Covid-19 has devastated the hospitality industry with restaurants being hit exceptionally hard. Restaurants have been forced to close their doors for good as the virus dragged on with no decent relief plan from the federal government. As several countries financially support citizens to avoid economic disaster, the U.S. government has given citizens $1,800 total to cover 10 months of isolating and business closures.

Namely, Mi Tocaya is working to help the undocumented community.

Mi Tocaya, a family-run restaurant, is teaming up with Chicago’s Top Chefs and local non-profits Dishroulette Kitchen and Logan Square Neighborhood Association. The goal is to highlight the issues facing the undocumented community during the pandemic.

The initiative called Todos Ponen, is all about uplifting members of our community in a time of severe need. The restaurant is creating healthy Mexican family meals for those in need.

”We asked ourselves; How can we keep our doors open, provide a true service to the community, maintain and create jobs, and keep the supply chain intact by supporting local farmers and vendors. This is the answer,” Chef Dávila said in a statement. “I confidently believe The TODOS PONEN Logan Square Project addresses all of the above and can very well be easily implemented in any community. Our goal is to bring awareness to the lack of resources available to the undocumented workforce- the backbone of our industry.”

The initiative starts in February.

Mi Tocaya is offering 1000 free meals for local farmers and undocumented restaurant workers. The meals are available for pickup Tuesday through Friday from 11 a.m. to 3 p.m. at 2800 W Logan Blvd, Chicago, IL 60647. to make this happen, Mi Tocaya also needs your help.

The restaurant has teamed up with two nonprofits to make sure that they can scale their operation to fulfill their commitment. They are also asking for donations to make sure they can do what they can to help undocumented restaurant workers.

According to Eater LA, 8 million restaurant workers have been laid off since the pandemic started. Some restaurants have had to lay off up to 91 percent of their staff because of Covid, about 10 percent of those are undocumented. In the cities, that number is as high as 40 percent of the laid-off restaurant staff are undocumented.

“People don’t want to talk about the undocumented workforce, but they’re part of our daily routine in most restaurants,” Jackson Flores, who manages the operations of Mi Tocaya, said in a statement. “They are in the toughest position in the whole economy because they’re an invisible part of it. Restaurant worker advocacy groups have added the creation of relief funds to their agendas, but there have yet to be long-term changes in protections for undocumented workers. Without access to unemployment benefits and other government resources, this group is especially vulnerable.”

READ: Hands-Free Cholula Dispensers Have Become a Thing In Restaurants Because of COVID-19

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From TV-less Weekdays To Cereal Bowls, People Are Sharing The Strangest House Rules


From TV-less Weekdays To Cereal Bowls, People Are Sharing The Strangest House Rules

James Leynse / Getty

If you’ve ever spent the night at someone else’s home, you know that there are people in the world who have house rules that can be very different from your own. From rules about drinking all of your milk cereal to not raising the volume of the television to a hearable level, different households have them all. Now, some of these crazy house rules are being shared in the comments section of an AskReddit. Not only are some of the stories and rules shared wild, some are also even a little sickening.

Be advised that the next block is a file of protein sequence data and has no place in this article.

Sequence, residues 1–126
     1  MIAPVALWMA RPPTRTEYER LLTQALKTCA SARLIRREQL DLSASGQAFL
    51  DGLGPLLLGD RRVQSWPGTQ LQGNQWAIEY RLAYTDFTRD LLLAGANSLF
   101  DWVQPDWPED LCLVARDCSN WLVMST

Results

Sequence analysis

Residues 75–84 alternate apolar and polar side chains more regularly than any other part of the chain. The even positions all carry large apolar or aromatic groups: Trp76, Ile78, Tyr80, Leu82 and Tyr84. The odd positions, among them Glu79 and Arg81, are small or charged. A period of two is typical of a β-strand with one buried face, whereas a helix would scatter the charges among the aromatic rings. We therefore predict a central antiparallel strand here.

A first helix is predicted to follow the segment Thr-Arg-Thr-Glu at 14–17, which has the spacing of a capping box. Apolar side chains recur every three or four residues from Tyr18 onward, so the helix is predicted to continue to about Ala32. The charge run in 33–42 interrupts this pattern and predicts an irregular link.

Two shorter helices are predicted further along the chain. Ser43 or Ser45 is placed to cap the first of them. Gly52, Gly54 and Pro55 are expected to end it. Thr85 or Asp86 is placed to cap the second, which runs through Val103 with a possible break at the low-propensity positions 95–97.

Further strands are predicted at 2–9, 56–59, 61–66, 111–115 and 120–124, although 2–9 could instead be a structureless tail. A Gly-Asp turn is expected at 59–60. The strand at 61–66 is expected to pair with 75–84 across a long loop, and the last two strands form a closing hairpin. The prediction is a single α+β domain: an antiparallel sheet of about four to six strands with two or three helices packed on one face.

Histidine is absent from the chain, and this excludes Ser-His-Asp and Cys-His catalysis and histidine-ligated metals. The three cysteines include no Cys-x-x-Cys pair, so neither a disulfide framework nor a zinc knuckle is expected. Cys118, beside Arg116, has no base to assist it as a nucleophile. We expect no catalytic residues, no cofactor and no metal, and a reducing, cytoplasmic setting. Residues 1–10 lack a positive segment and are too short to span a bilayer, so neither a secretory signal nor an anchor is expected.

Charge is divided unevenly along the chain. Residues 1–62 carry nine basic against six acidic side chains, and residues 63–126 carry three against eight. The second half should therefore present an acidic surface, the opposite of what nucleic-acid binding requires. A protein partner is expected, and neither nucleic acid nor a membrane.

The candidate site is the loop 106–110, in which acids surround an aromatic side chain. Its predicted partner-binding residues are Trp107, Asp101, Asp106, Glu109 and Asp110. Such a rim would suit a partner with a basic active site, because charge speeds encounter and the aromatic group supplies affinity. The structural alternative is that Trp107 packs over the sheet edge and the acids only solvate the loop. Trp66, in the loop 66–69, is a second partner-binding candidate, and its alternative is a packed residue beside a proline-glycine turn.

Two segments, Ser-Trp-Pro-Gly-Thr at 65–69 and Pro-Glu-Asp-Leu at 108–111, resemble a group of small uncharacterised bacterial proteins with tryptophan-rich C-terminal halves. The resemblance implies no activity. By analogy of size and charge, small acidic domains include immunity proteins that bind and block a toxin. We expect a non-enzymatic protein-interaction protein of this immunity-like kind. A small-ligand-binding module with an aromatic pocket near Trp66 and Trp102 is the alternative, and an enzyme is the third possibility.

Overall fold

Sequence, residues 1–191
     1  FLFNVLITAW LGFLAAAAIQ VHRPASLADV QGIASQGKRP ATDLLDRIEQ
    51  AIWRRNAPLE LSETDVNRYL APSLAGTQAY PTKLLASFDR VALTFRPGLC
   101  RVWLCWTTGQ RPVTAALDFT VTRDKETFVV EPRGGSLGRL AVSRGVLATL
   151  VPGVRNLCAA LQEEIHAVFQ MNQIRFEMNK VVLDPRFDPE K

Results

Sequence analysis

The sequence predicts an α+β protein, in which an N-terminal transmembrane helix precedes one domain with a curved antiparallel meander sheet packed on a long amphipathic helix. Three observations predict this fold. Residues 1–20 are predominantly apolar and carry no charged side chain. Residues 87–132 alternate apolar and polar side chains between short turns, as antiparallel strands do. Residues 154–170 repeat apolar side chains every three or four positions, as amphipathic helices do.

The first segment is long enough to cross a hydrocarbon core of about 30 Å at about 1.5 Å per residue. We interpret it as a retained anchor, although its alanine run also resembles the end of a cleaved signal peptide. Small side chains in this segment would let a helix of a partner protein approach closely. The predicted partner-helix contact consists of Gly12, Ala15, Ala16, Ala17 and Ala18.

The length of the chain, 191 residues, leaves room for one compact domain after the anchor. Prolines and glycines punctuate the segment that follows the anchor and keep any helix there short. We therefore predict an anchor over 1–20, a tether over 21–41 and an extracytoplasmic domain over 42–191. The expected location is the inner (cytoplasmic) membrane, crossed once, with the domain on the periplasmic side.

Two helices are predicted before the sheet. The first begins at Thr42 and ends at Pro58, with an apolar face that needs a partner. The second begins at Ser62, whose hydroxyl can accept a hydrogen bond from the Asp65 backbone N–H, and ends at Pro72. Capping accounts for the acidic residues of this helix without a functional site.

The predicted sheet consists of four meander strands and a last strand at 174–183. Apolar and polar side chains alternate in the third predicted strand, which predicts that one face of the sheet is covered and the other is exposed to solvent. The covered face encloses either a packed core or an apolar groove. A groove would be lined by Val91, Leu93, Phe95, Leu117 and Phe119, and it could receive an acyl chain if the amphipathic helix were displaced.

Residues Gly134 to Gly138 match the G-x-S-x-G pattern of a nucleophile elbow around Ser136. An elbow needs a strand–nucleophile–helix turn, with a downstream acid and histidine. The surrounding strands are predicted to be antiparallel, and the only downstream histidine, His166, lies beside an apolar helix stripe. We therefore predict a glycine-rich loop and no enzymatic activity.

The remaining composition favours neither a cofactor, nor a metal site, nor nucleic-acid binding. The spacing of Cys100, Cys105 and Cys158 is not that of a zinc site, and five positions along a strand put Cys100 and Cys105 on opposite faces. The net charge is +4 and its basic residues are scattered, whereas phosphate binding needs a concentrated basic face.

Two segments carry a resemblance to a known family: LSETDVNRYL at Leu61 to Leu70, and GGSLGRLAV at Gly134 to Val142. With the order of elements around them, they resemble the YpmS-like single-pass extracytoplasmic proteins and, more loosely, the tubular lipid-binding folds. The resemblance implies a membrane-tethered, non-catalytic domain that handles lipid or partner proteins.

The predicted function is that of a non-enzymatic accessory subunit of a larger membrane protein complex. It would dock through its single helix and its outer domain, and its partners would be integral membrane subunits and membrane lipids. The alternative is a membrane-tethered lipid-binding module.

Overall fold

Check them out below!

“I had a friend who instead of washing the dishes after a meal just put them straight back in the cupboard. I thought his parents would freak out but it turns out it was just something they did in their house. Whenever I went over I always made sure to eat beforehand.” Reddit User

“Family who babysat me when I was young had a rule of “no drinking during meals” and I don’t just mean soda, juice or milk, no water until your meal is done. This was insane to me because we would be called in to supper/lunch after playing outside in the summer and weren’t allowed to drink anything until we sat down and finished our plates. Also, this rule didn’t apply to the father of the family who would often drink beer during meals.

My great-aunt had a parlor room in which all the furniture was covered in plastic and never used, it also had a plastic walkway going through the middle (just a strip of plastic cover) which was the only path you could walk on (she would flip out if you touched carpet).” –Random_White_Guy

“I wasn’t allowed to put extra salt on my food, had to be in bed by 8pm (all the way through middle school), and had to ride my bike to school everyday even though my best friends parents offered to take me.” –willwhit87

“No fighting over the heel of the bread. The father once off hand told his oldest children that the heel of a loaf of bread was the best and made them want it instead of the regular pieces. By the time there were 4 kids sometimes fist fights would break out over the heels. Loaves had been opened on both sides, or loaves were a mess because someone reached through the sack and pulled the back heel out. For a while there was a turn system where the heels were promised to a child for each loaf, but that fell apart when one went to summer camp and lost their turn. One time my friend wasted an afternoon waiting for his mother to come home with a fresh loaf of bread instead of going out and playing. I witnessed fist fights over the bread most people throw away.” –DarrenEdwards